In contrast, in the other photo we can see a man who seems to be working. I think he’s a builder, it looks as if he’s helping to build a house. His feelings are probably quite different to the couple in the other photo because he’s at work obviously so it’s probably nowhere near as enjoyable as the activity the other couple are doing.

But maybe working outside isn’t as bad as working in an office so he might be happy about that. For me personally, I’d rather be with the couple here camping on the mountain than at work definitely.

Pronunciation – Connected Speech

Play audio of individual sentences; have sts practice repeating them in pairs.

Listen to the expressions again and practise saying them with a partner

  • It looks as if he’s helping to build a house.

Looks as if he’s – /lʊks əz-ɪf-iːz/ – all connected and “h” from “he’s” disappears

  • They might have been walking all day.

Might have been – /maɪt əv bin/ – “have” very weak /əv/ “been” sounds like “bin”

  • A couple who seem to be camping

Seem to be – /siːm tə bi:/ – weak form of “to” /tə/

Second Attempt

Now students attempt the task again, recording themselves a second time. Again monitor and make a note of the structures. Then have students compare their two attempts. Board all of the language from the two attempts and encourage students to notice the changes.

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Teacher Training Workshops in Collaboration with Useful Languages

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Image credit: http://www.uflbarcelona.com/#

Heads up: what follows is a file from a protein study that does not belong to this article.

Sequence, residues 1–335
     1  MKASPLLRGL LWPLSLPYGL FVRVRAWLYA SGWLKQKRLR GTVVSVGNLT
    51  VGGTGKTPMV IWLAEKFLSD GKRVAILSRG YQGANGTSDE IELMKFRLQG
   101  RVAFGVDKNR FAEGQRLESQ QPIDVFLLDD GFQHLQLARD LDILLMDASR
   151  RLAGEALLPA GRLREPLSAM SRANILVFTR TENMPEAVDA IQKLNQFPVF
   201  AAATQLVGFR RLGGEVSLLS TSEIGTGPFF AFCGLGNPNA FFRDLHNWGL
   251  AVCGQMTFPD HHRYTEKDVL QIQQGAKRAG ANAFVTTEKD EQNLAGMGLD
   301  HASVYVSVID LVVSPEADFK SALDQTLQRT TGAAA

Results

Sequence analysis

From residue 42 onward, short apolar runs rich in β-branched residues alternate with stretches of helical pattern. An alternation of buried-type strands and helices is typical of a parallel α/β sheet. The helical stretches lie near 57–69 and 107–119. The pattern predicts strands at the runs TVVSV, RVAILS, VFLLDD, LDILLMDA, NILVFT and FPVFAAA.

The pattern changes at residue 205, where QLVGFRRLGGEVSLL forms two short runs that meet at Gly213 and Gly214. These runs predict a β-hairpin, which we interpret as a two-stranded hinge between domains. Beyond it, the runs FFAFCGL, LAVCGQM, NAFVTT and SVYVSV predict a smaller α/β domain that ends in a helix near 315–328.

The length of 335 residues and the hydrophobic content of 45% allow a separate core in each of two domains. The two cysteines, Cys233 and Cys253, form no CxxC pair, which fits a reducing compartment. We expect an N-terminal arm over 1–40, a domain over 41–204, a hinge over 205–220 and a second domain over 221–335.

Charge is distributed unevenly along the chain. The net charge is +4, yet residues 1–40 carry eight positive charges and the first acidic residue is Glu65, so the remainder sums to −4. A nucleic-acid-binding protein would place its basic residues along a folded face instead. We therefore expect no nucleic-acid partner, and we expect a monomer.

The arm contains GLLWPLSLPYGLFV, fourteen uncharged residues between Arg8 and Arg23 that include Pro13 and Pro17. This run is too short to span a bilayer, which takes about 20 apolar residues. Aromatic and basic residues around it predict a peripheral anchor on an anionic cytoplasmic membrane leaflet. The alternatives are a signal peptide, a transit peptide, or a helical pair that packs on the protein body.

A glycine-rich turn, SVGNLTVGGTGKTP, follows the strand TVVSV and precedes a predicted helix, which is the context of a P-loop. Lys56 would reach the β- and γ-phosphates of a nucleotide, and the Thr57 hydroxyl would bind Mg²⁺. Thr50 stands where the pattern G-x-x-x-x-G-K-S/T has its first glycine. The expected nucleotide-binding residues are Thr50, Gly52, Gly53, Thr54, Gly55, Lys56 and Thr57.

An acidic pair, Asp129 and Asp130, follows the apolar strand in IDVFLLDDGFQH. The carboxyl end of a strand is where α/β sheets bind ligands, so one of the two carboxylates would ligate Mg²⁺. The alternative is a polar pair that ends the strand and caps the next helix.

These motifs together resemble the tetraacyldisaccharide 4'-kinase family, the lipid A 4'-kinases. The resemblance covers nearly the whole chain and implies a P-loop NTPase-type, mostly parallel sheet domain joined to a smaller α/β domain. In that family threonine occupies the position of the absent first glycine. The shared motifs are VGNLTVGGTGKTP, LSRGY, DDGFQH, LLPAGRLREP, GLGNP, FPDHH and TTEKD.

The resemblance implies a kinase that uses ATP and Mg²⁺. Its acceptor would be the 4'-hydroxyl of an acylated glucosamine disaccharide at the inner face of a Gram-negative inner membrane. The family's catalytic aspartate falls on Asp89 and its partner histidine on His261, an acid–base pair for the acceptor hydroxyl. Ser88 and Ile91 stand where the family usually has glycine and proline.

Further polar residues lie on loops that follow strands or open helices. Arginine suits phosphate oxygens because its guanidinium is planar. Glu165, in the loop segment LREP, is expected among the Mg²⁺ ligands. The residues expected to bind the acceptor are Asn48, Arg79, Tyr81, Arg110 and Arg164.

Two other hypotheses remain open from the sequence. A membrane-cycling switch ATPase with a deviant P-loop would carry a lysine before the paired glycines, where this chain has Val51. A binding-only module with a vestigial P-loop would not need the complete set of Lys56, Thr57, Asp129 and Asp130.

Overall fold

Follow me on twitter @RobbioDobbio

Calling Barcelona-based English teachers! Eleanor Walker, DoS of Useful Languages, and I are going to be setting up weekly teacher training workshops to help teachers tackle exam classes for the main suite of Cambridge exams (FCE, CAE, CPE) starting on Friday February 24th.

  • Venue: Useful Languages – Carrer de Pelai, 44, Primera, 08001 Barcelona
  • Date of first session: February 24th 2017
  • Time: TBA: please complete the survey below
  • Price: €10 per person per 90 minute session, special offer: 6 sessions for €50
  • Contact: If you are interested in attending please contact Useful Languages: sylvie@uflbarcelona.com

We want to base the sessions on your needs so if you’re interested in attending it would be great if you could complete the surveymonkey below so we can get an idea of what to focus on and also the time-slot that suits you best.

Click here to complete the survey

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Recycling Language in a Dogme Classroom

chiasuanchong

I have often have teachers asking me, ‘If language just emerges, how do you ensure learning takes place? How do you recycle the langauge?’

Many of you have read, or written blogposts on the same subject, but I thought I’d share my favourite ways of recycling language (which I’ve, of course, stolen and adapted from all the wonderful teachers and colleagues around me).

First things first, I find a retrospective record of my Dogme lessons useful in helping me keep track of what has gone on, so as to revise the language covered, and also to enable me to provide the appropriate scaffolding for subsequent lessons. To do this, I simply take a photo of my boardwork (with my mobile phone) at the end of each lesson. (The other advantage of taking photos is that when students tell you that they have no recollection of a language item being clarified, mainly because they…